NASHVILLE — Democrat Phil Bredesen is proposing four debates before the November election for U.S. Senate against Republican Marsha Blackburn, whose campaign says she’s still finalizing her debate schedule but looks forward to debating Bredesen.
Aug 13, 2018 at 4:27 PM
MEMPHIS — Former Nashville Mayor Karl Dean and Tennessee House Minority Leader Craig Fitzhugh are expressing support for eliminating criminal punishment for possessing small amounts of marijuana statewide if they are elected governor.
Memphis Greenspace Inc., the nonprofit that recently removed Confederate statues from two city parks, must keep and preserve the monuments, a court ordered on Monday.
Here is the full text of Gov. Bill Haslam’s final annual State of the State address as prepared for delivery to a joint convention of the Tennessee General Assembly on Monday:
SEATTLE — Kyle Juhl made one last attempt to patch things up with his fiancee, then took back his ring, put a gun to his head and pulled the trigger as she and her mother ran from the apartment. The bullet went through a wall and narrowly missed a neighbor’s head as she bent to pick up her little boy.
MEMPHIS — A Tennessee city is challenging a state commission’s decision that prevents the removal of a Confederate statue from a public park.
MEMPHIS — The mother of former NBA player Lorenzen Wright stood up Thursday during a court hearing for a man charged with killing him and shouted, “How could you have murdered my son?”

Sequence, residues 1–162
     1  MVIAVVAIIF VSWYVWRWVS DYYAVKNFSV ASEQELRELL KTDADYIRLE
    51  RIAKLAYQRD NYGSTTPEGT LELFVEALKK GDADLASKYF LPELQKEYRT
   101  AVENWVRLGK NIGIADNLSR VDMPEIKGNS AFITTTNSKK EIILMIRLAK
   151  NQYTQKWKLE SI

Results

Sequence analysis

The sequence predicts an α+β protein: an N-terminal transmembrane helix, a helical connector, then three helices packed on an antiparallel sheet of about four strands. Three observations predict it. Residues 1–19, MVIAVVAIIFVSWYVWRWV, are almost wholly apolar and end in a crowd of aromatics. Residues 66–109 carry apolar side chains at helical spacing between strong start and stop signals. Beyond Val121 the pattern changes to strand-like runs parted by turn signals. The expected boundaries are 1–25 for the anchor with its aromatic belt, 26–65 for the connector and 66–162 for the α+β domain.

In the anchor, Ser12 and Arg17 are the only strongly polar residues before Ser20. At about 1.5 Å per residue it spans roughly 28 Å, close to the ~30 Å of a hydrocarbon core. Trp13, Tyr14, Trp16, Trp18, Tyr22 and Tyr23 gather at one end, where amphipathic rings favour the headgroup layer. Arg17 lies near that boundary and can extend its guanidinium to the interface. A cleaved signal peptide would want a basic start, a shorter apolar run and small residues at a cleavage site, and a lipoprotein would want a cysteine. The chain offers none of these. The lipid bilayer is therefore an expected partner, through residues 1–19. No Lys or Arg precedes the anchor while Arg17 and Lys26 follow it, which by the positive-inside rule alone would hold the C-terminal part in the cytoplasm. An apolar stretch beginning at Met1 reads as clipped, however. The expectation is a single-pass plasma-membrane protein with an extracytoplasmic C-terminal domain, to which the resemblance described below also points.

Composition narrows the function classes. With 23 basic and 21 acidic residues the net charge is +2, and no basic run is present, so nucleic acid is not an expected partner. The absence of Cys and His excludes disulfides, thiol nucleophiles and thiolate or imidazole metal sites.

The Memphis Grizzlies fired coach David Fizdale on Monday, with the team at 7-12 and a day after he benched center Marc Gasol for the fourth quarter of an eighth straight loss.
A city attorney says Memphis, Tennessee, and the Sons of Confederate Veterans will enter mediation over the removal of a statue of Nathan Bedford Forrest from a public park.
JACKSON, Tenn. — Tennessee economic development officials want the state to pour another $72 million into a sprawling site that failed to land a new auto plant planned by a joint venture of Toyota and Mazda.
KNOXVILLE — This isn’t the way Tennessee and Vanderbilt planned to finish the regular season.
It’s the latest attack by Black in what has otherwise been a largely sleepy gubernatorial race — a contest that has been pushed even further out of the public eye by the suddenly lively campaign to succeed retiring U.S. Sen. Bob Corker.
Jokes about Corker’s diminutive stature — he lists his height as 5-foot-7 — are hardly going to get a rise out of someone who has been hearing them at least since the former construction company owner first ran for the Senate in 1994.
NASHVILLE — Sitting on the largest sum of campaign money among Republicans facing re-election to the Senate, few in Tennessee thought Bob Corker wouldn’t run for a third term next year. His surprise announcement Tuesday that he will retire from Congress set off a frenzy of speculation about who will try to succeed him.
The State Emergency Operations Center in Nashville is monitoring Irma’s movement toward Tennessee and preparing to assist local jurisdictions.